All posts tagged album

Review: Den tavse engel

Den tavse engelDen tavse engel by Tome
My rating: 3 of 5 stars

The first volume of the Spriou artist and writer Tome’s “other” album series, Soda. In France, there are so far thirteen albums since the debut in the late 1980s and the comic is on its third artist by now. Soda is based on the standard story about the not too clever but honest and energetic New York Police officer who solves cases by running, jumping and chasing around. Positive, non-stereotypical traits in this, the very first volume is the fact that the main character lives with his elderly mother and in order to to reassure her dresses up as a priest each time he goes home, and that one of the more important supporting characters is a strong and intelligent woman. Warnant’s drawings end up on the slightly more realistic side of the scale for Marcinelle-artist, but a Janry (the artist working with Tome on the Spriou series), he is not…

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Review: Lönnmördaren

Lönnmördaren ?Lönnmördaren by Raoul Cauvin
My rating: 3 of 5 stars

Yet another volume in the album series Les Tuniques Bleues (The Blue Tunics), and as per usual, it´s a traditional, well-made comic in the classical French-Belgian album tradition. The plot is pretty thin – someone within their own ranks is trying to assassinate General Ulysses S. Grant, and as he becomes more and more paranoid, the rest of the camp is trying to figure out who might be behind it all. Cauvin delivers yet another OK script, but it’s Lambil’s artwork that lifts this album above the average. Not the best album in the series, but well worth reading.

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Review: Marsupilamis vrede

Marsupilamis vredeMarsupilamis vrede by Fabien Vehlmann
My rating: 3 of 5 stars

The latest Spirou and Fantasio album is a trip down memory lane for us who have followed this series for a long time.

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Review: Blå blues

Blå bluesBlå blues by Raoul Cauvin
My rating: 2 of 5 stars

Yet another album with Les Tuniques Bleues (or Blåfrakkerne as they are called in Danish). There are 59 albums so far, and even if the creators are aged by now it seems they are not about to quit producing an album a year, like clockwork.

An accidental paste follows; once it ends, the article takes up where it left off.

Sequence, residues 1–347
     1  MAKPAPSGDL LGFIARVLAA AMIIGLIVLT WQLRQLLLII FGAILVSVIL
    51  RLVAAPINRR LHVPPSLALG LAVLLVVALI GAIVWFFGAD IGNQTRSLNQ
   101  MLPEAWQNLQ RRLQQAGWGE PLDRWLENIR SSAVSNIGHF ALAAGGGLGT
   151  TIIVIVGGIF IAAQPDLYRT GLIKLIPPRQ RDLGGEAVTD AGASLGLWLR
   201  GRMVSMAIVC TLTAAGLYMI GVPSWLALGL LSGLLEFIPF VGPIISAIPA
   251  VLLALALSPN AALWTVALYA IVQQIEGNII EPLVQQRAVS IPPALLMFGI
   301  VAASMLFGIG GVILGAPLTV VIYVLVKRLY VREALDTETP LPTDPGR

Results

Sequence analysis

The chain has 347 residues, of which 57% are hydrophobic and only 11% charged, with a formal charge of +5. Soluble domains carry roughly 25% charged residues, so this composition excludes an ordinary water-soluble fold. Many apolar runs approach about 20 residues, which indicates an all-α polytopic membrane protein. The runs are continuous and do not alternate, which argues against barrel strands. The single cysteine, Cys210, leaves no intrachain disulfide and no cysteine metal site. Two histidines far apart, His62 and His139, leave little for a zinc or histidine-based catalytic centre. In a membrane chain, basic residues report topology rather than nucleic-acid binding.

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Review: En blårock saknas

En blårock saknasEn blårock saknas by Raoul Cauvin
My rating: 3 of 5 stars

A story that begins promising and has great potential, which unfortunately is sorely misspent by scriptwriter Cauvin at the end. The idea of alternative, subjective versions of the chaotic reality during a battle is inspired, although no one who reads this long-running series would ever believe in the possibility that Blutch, one of the comic’s two main characters, actually would have died. Despite this, entertaining and well done, if not ingenious.

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Review: Spirou 1984-1987

Spirou 1984-1987Spirou 1984-1987 by Tome
My rating: 4 of 5 stars

The Danish-Swedish publisher Mooz continues the publication of hardcover collections with the classic French children’s comic Spirou. This volume contains three albums from the 1980s by Tome and Janry. This creative team was clearly the heirs to the undisputed master among Spirou artists, André Franquin, both in terms of the art, which has the same expressive, fast paced feel to it, and in the storylines, which are often linked to Franquin’s characters and comics.

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Review: Spirou 1969-1972

Spirou 1969-1972Spirou 1969-1972 by Jean-Claude Fournier
My rating: 3 of 5 stars

The Danish/Swedish publisher Mooz continues the publication of hardcover collections with the classical French album comic Spirou and Fantasio. This volume contains the first three albums by Franquin’s successor, the then young and inexperienced Jean-Claude Fournier. Taking over after the recognized master was surely no easy task and both art and storytelling are quite clunky at first, but gradually gets better.

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